2015 - Ongoing
Alaska, United States
The most prized National Parks in the world were carved out of highly-managed territories protected by indigenous peoples for millennia. Today, we don’t see the legacy of this colonization, believing instead in the myth of pristine wilderness without human inhabitation.
This is a savage falsehood. Indigenous people managed these lands and ecosystems long before conservation was a concept. Instead of respecting their ecological knowledge, Natives have been evicted from their homelands and their subsistence rights taken away.
Conservationists are increasingly aware of the contribution indigenous communities have to biodiversity. In regions such as Alaska’s North Slope, the government allows co-management of wildlife with Native communities. In 1977, the Alaskan Iñupiaq won the right to maintain their traditional hunt of bowhead whales and manage the population. By 2011, the Iñupiaq had quadrupled the population of the bowhead, while hunting them!
However, indigenous land management is far from universal. In 2011, the Tengis-Shished National Park was established in Mongolia in the territories of the Dukha, who are reindeer herders. Inside the National Park, hunting and reindeer herding are prohibited. Without reindeer, hunting, or legal recourse, the Dukha community are increasingly forced into settlements and driven to alcoholism.
Approaches that have trusted indigenous peoples with land management have seen benefits. In 1991, in the Brazilian Amazon, the Ka’apor Indians were given the legal rights to the enormous Alto Tuiracu Indigenous Land. Today, after 25 years of massive deforestation of the Amazon, deforestation has slowed dramatically as loggers reach the borders of indigenous land. The Ka’apor take defense of their lands seriously, and are known to aggressively confront illegal loggers, even beating repeat offenders.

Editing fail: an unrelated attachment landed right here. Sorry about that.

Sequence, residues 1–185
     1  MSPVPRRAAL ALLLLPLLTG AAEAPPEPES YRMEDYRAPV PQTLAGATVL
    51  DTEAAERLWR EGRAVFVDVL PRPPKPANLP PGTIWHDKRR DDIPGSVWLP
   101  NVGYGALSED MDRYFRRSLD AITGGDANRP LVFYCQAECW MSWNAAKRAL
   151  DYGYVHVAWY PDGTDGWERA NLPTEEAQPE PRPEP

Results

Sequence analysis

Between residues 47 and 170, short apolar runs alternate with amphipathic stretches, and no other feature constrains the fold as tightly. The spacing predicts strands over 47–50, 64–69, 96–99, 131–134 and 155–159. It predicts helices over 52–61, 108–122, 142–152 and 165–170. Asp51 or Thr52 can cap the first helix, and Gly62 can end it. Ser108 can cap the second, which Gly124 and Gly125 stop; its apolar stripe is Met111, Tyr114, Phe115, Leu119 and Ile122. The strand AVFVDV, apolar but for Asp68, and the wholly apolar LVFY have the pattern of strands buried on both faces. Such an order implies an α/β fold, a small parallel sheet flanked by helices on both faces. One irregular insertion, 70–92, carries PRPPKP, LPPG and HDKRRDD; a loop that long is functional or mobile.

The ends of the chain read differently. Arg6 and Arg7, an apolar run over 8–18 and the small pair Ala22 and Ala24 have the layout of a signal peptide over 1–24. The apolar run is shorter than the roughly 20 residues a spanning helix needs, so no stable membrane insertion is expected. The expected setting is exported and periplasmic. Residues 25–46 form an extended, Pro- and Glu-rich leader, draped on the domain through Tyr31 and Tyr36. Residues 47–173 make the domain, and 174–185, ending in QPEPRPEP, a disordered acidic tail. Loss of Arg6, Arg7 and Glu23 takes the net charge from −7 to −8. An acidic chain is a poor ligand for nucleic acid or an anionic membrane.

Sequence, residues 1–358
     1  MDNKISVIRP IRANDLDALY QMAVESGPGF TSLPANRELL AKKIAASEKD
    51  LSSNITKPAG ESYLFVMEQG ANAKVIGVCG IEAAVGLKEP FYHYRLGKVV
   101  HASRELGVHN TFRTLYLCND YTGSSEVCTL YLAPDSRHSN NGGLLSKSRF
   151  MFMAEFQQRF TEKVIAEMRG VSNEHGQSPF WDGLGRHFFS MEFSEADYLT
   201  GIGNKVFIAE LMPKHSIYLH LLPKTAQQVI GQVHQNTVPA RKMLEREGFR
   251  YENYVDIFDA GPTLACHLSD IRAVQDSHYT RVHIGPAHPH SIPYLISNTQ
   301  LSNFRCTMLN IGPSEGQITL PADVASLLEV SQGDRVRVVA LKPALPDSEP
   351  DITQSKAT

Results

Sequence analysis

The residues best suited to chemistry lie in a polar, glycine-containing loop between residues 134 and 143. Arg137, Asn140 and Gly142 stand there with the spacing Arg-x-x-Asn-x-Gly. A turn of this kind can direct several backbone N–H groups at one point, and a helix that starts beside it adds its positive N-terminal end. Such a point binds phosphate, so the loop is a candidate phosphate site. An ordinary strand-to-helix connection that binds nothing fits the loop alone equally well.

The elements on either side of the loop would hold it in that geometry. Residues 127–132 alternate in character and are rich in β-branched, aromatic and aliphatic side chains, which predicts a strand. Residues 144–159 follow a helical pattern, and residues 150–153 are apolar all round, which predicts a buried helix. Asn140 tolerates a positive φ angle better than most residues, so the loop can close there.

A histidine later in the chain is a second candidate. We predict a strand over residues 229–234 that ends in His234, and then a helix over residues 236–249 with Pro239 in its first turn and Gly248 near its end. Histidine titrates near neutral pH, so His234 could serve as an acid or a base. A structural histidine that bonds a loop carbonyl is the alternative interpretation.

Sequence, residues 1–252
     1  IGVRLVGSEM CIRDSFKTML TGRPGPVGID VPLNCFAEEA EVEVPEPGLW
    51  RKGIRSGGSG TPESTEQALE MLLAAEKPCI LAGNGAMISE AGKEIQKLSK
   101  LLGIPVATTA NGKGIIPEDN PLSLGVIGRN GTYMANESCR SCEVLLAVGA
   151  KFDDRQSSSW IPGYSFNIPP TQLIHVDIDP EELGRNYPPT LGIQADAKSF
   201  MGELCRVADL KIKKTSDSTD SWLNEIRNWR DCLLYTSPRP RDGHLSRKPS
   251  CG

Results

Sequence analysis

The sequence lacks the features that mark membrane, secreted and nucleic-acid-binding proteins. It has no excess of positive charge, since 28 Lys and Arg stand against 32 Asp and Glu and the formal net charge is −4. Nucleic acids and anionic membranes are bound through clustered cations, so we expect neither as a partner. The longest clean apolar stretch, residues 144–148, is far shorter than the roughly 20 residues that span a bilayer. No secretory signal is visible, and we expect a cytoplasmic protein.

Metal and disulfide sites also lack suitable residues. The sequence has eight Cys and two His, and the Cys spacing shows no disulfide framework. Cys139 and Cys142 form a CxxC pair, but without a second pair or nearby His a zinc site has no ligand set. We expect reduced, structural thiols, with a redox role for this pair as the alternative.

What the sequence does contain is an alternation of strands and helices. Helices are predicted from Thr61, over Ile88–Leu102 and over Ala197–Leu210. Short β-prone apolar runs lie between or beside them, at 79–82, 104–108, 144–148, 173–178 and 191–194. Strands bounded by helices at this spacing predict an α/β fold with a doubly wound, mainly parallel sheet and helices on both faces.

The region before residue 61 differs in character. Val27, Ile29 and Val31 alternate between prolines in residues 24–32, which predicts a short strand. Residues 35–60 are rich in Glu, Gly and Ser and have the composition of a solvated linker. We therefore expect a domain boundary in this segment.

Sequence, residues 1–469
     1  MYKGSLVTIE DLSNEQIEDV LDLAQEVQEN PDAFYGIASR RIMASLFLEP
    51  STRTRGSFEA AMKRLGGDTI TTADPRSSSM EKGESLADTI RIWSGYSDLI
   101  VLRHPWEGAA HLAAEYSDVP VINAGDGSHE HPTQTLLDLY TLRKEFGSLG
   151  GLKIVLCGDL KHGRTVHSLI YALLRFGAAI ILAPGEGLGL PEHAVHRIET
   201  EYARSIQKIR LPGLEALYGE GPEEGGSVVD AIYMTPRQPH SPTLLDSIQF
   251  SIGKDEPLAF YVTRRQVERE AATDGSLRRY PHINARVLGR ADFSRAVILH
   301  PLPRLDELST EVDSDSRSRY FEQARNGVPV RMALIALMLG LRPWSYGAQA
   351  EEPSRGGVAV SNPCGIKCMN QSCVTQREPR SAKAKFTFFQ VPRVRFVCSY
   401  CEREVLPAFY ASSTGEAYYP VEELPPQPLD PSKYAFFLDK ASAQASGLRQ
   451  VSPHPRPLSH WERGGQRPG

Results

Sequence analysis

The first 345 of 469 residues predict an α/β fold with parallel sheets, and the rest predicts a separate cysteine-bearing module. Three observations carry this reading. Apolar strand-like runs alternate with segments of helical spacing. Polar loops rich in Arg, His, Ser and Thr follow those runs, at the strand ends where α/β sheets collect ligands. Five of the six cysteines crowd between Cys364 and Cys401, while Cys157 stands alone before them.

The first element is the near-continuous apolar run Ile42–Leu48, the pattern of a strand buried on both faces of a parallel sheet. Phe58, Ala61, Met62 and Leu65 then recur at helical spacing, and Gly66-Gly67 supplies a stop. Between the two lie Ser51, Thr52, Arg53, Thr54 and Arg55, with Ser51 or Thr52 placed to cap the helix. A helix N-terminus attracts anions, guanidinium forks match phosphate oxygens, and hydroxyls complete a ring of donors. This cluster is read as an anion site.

Project and Creative Approach
I spent three years living on the Arctic sea ice with Iñupiaq whalers, sharing the watch for polar bears and eating fermented walrus. My series, People of the Whale, was born from the experience of being part of the crew with a shared Native ancestry. I began to understand the complex Iñupiaq relationship with the whales they sustainably hunt. The story of the Iñupiaq is a vision of successful conservation using indigenous knowledge, but many communities that have not been as fortunate.
In Western Mongolia, conservationists have evicted the Dukha from their traditional lands. My colleague Gleb Raygorodetsky is from the nearby Altai and will introduce me to local residents. The Dukha have become increasingly dependent on tourism, making access easier. I believe the best way to learn the story is to live with the Dukha for six weeks, and accompany the National Park rangers over time.
In the Brazilian Amazon, the Ka’apor are at war with illegal loggers and ranchers. My friend Miguel Iglesia, living in the Amazon and married to an indigenous Achuar woman for a decade, has helped me to understand that the Ka’apor believe they will lose everything if they lose their forest, because their way of life depends upon it. I plan to embed with one of the Ka’apor patrols for a month, who work in concert with the regional police. The Ka’apor have currently extended an open invitation for foreign journalists to report on indigenous issues.
The answers I seek from the Ka’apor and Dukha: How do you see the natural world and the place of people within it? How do you manage the ecosystem even while gathering its resources?
The most important result of this project is putting the photographs in front of the youth of these communities and give them pride in their indigenous identities. My interactions with Iñupiaq youth have resulted in some seeing the subsistence life as positive for the first time. I return to my communities over the years, and speak to youth about tradition, identity, and relationship to the land.
This project will result in a photo story for National Geographic Traveler China, and I am in conversation with my editors at National Geographic Magazine as well.
Finally, I will engage online platforms with video. I created a short film of the Iñupiaq relationship to the whale and sea, and intend to do the same for the Ka’apor and Dukha. I envision a multimedia story on Topic.com and a series on Instagram.
Octavio Paz, Nobel Prize Laureate, wrote: “Every culture that disappears diminishes a possibility of life.”